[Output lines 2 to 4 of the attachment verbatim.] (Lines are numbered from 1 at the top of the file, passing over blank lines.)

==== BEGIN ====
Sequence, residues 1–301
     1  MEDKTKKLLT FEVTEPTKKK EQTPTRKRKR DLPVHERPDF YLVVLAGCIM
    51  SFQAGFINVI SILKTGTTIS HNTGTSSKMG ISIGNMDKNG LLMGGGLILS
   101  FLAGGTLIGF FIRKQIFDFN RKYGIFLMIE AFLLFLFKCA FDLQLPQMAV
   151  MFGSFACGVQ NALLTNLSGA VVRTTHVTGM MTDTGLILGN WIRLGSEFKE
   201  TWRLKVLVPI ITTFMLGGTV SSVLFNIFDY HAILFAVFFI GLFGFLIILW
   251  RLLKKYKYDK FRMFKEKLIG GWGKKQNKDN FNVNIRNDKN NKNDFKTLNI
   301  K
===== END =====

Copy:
     1  MEDKTKKLLT FEVTEPTKKK EQTPTRKRKR DLPVHERPDF YLVVLAGCIM
    51  SFQAGFINVI SILKTGTTIS HNTGTSSKMG ISIGNMDKNG LLMGGGLILS
   101  FLAGGTLIGF FIRKQIFDFN RKYGIFLMIE AFLLFLFKCA FDLQLPQMAV